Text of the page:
Swans Commentary » swans.com April 23, 2007  



Bridges, Walls, And Gated Communities


by Fran Shor





(Swans - April 23, 2007)  The truck bomb that destroyed the Sarrafiya Bridge in Baghdad on April 12, 2007, did more than kill innocent civilians and sever the city into two equally desperate halves. It was another punctuated reminder of the hollow rhetoric of the Bush administration about "progress" in the Iraq War.

That same day in the so-called "Green Zone," an area of Baghdad surrounded by walls and myriad check points and monitors, a suicide bomber detonated an explosive device in the cafeteria of the Iraqi Parliament Building. Once more, there were several deaths and scores injured. Again, the delusions of the Bush administration and their supporters in Congress and the media were torn asunder by such a brazen act of violence.

Meanwhile, the Pentagon's "surge" was meeting with intense resistance in Baghdad even in the face of aggressive counter-insurgency tactics. According to Robert Fisk's recent report in The Independent, that counter-insurgency is premised on a strategy of establishing "gated communities" throughout the city. The US and Iraqi military will wall off neighborhoods and set up extensive pass systems that will require myriad arrests. In effect, the civilian population not shunted into already overcrowded prisons will themselves be incarcerated in these "gated communities" ("Divide and Rule - America's Plan for Baghdad," The Independent, 11 April 2007).

With more troops and National Guard being rushed off to Iraq, the imperial designs of the Bush administration lay in ruins. Those ruins are evident not just in the broken bridges and wrecked walls of Baghdad, but also in the domestic failures fostered by the arrogance and incompetence of policymakers in Washington, D.C.

Recalling the colossal ineptitude of the federal government before and after the devastation of Hurricane Katrina, New Orleans and other coastal cities were dotted with smashed infrastructure, including inadequate levees and outmoded bridges. Yet, there were also incidents of ethnic/racial animosity that should give US citizens pause in their denunciation of sectarian violence in Iraq. In the midst of the battering of New Orleans by Katrina, hundreds of residents of the city fled the floodwaters by trying to cross the Crescent City Connection Bridge into the suburb of Gretna. However, they were viciously repulsed by Gretna police who fired warning shots in the direction of the fleeing crowd. The Gretna police chief justified this action by asserting that "if we had opened the bridge, our city would have looked like New Orleans does now, looted, burned, and pillaged."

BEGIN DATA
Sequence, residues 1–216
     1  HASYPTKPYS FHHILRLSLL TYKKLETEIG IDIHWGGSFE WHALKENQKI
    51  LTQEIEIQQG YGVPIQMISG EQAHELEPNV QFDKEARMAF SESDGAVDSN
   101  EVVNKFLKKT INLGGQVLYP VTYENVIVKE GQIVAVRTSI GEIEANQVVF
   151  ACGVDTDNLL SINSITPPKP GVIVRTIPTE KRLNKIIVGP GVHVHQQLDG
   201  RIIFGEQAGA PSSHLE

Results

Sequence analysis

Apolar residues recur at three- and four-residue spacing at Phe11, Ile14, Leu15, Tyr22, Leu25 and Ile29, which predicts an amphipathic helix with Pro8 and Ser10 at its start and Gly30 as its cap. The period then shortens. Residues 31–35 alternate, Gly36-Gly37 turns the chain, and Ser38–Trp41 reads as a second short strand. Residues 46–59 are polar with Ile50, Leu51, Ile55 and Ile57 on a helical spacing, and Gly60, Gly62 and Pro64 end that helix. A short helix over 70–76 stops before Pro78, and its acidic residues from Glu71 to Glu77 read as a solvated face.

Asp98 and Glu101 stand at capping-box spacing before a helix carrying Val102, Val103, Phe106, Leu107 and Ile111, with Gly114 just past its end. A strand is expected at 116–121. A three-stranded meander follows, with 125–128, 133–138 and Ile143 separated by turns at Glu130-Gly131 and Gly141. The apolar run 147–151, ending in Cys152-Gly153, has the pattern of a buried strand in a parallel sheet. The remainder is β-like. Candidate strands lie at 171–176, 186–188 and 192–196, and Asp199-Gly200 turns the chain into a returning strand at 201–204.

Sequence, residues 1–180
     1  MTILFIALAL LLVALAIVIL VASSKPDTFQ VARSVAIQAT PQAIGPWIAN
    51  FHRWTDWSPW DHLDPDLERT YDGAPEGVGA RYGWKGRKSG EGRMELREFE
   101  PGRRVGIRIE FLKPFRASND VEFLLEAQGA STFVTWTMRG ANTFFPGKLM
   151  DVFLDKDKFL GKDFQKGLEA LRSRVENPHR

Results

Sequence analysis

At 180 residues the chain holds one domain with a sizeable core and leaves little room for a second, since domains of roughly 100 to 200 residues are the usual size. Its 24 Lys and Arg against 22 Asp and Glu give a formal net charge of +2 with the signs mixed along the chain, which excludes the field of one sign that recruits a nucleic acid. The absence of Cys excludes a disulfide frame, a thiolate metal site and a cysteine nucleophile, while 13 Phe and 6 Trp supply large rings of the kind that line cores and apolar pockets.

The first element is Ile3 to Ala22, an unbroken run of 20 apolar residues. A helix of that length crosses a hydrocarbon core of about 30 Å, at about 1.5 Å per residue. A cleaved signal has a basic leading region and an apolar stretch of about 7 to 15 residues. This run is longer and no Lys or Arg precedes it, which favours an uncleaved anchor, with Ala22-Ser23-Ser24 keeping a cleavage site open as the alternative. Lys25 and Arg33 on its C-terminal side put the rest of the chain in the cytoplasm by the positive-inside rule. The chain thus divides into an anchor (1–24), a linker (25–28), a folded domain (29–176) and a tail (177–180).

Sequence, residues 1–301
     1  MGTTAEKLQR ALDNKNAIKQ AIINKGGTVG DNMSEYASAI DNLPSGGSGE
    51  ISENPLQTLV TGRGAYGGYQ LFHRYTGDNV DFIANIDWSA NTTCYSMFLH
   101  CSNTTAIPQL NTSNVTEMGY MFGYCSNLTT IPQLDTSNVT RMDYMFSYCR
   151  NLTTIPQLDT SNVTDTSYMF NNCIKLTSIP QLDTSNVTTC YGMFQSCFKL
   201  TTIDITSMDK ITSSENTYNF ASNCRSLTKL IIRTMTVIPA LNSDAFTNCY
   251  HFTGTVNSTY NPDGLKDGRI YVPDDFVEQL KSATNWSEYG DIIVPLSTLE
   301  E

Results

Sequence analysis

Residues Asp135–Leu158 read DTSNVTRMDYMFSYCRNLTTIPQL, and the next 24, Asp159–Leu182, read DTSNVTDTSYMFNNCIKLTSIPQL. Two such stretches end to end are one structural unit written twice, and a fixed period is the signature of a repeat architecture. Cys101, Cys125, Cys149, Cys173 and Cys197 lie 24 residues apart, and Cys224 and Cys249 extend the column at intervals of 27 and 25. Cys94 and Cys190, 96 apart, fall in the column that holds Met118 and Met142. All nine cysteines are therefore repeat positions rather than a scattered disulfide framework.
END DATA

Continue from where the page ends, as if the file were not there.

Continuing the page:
Gretna is only one example of the US version of "gated communities" that seek to keep out the dark hordes of paranoid white supremacist imaginations. Another version of this racist/nativist attitude is manifest in the loopy plans for a massive wall along the US/Mexico border. Somehow, this desire to wall off El Norte is a further example of an imploding imperial system that creates the global economic and social dislocations that drive migrants to seek refuge in a land which has become even more inhospitable to the stranger.

As the poet Robert Frost once wrote in Mending Wall, "something there is that doesn't love a wall." This remains true whether along the US/Mexico border or in Baghdad's "Green Zone." For that matter, the insularity of gated communities, from Baghdad to San Diego, is an admission that reality is too difficult to confront. Such gated communities, both here and abroad, may offer seeming protection from those very forces created by those blinded by their own delusions. In fact, the repression and insularity represented by "gated communities" only walls off what promises to fester and explode.

While the US imperial project in Iraq and Afghanistan flounders, with violent resistance and sectarian conflict increasing, the neoconservative's projections of instant "democracy" and "progress" seem even more ludicrous. Attempting to drive government domestic spending on social programs into the ground, the neoconservative geopolitical grab for global dominance, oil resources, and military bases is driving military spending to exorbitant levels. The building of bridges, walls, and gated communities within this fracturing paradigm are really last ditch efforts to protect an imperial racket that has lost its capacity to deliver the goods, except to those corporate and mercenary scavenger companies like Halliburton and Blackwater. Instead, we are witness to only more and more destruction and devastation.

Everywhere that US imperialism will try to build its remaining walls will undoubtedly be scaled by growing bands of insurgents, migrants, and miscreants. Identifying with those who seek to tear down such walls, let us recall the lyrics of a song by Los Lobos, that driving rock band from East Los Angeles: "Some day that wall will tumble and fall/And the sun will shine that day."


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Internal Resources

Also by Fran Shor: Imperial Residues And Resonances (July 2006)

Patterns which Connect

Arts & Culture


About the Author

Fran Shor, a Professor in the Department of Interdisciplinary Studies at Wayne State University in Detroit, teaches courses in the fields of historical and cultural studies. He is the author of two books, Utopianism and Radicalism in a Reforming America, 1888-1918 and Bush-League Spectacles: Empire, Politics, and Culture in Bushwhacked America, and scores of articles in academic journals. He has also published extensively on Websites such as Common Dreams, CounterPunch, and History News Network. A veteran activist in peace, justice, and international solidarity campaigns, he is a long-time board member of the Michigan Coalition for Human Rights and Peace Action of Michigan.



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Published April 23, 2007